The Government has unveiled plans to increase private investment in Britain’s road network, starting with the introduction of a toll for MPs, visiting foreign leaders and other political road-users passing through Downing Street.
‘Much of the road network is blighted by congestion, and Downing Street is no different,’ said the Prime Minister today. ‘It was not built to cope with the volume of lobbyists and newspaper proprietors it now sees, and it is right that people wishing to access the nation’s corridors of power should pay for the privilege. That is the traditional Tory way, after all. Widening the road will be good for everyone – more journalists and camera crews will be able to hang around waiting for resignations, and there will be better access for heavy-goods Ministers such as Eric Pickles.’
The proposals would allow a toll charge to be introduced if private contractors manage to increase the capacity of an already-busy Downing Street. ‘What we want is for more politicians to be able to come and go without getting stuck in tailbacks, particularly at peak periods such as reshuffles and general elections,’ said one firm bidding for the contract. ‘Research shows that British politicians spend an average of eight years of their life stuck in Downing Street traffic jams waiting for political direction, and many are eventually forced into humiliating u-turns.’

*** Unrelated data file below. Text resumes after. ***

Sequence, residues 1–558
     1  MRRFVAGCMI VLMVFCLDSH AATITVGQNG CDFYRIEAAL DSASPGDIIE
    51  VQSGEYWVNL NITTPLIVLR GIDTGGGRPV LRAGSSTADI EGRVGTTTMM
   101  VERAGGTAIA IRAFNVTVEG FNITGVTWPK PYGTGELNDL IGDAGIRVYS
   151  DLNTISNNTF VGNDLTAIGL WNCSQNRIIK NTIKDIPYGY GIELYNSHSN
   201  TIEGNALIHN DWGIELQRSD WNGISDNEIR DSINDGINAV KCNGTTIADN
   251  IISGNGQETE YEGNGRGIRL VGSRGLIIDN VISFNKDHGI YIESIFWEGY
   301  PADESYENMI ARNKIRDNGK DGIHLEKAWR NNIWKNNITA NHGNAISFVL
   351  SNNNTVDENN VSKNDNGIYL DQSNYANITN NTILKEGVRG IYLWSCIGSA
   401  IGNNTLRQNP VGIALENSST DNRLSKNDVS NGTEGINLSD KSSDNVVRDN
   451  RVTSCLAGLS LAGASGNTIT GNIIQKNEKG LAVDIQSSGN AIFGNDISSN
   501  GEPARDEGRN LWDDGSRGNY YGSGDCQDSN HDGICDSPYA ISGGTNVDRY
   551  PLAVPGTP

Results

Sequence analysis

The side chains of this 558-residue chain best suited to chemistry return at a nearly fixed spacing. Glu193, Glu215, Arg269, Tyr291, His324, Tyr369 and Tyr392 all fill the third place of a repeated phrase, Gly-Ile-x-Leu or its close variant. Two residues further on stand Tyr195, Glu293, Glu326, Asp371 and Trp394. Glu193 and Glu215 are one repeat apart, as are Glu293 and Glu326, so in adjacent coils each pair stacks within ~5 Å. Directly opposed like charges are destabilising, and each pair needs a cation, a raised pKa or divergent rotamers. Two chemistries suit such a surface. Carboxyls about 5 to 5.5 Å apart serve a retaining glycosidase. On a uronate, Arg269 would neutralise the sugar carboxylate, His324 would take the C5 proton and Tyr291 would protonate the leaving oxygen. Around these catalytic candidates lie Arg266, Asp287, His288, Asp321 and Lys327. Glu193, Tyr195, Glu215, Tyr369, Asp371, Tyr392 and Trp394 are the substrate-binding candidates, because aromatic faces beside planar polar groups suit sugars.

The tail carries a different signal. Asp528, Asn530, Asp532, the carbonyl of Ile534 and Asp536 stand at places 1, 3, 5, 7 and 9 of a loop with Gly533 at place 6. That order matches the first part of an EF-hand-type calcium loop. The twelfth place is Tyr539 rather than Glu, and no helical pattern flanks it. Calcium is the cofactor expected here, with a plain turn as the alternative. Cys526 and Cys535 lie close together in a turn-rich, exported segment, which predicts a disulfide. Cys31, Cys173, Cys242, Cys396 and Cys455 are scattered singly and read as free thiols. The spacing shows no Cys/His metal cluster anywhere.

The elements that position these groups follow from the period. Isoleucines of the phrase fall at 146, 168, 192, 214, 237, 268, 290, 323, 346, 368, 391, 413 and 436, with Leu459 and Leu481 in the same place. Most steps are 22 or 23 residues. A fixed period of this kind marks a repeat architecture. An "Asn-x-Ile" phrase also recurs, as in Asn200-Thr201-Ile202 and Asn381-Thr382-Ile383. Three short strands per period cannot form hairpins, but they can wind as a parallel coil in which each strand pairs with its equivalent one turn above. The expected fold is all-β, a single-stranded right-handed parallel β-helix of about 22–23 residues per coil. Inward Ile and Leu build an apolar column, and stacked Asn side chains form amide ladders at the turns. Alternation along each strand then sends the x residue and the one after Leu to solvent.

Other benefits of the move will include the filling of potholes, such as the one which caused Chris Huhne to stumble and fall recently, and better gritting of the road surface when political handling conditions are forecast to be treacherous. Contractors have also promised to maintain access for fortnightly rubbish collections, though Oliver Letwin has offered to dispose of confidential papers between times in the bins in St James’s Park.
But David Cameron has insisted that the move does not constitute privatisation of the nation’s roads. ‘The state will continue to own Downing Street but its upkeep will be provided by private firms, in much the same way that the Conservative Party is a party for the people but is owned by the banks and the wealthy.’
The Prime Minister went on to compare the plans to improvements made to the water infrastructure which has often seen plentiful supplies of water made freely available to motorists directly from the mains on busy streets right at the height of the rush hour.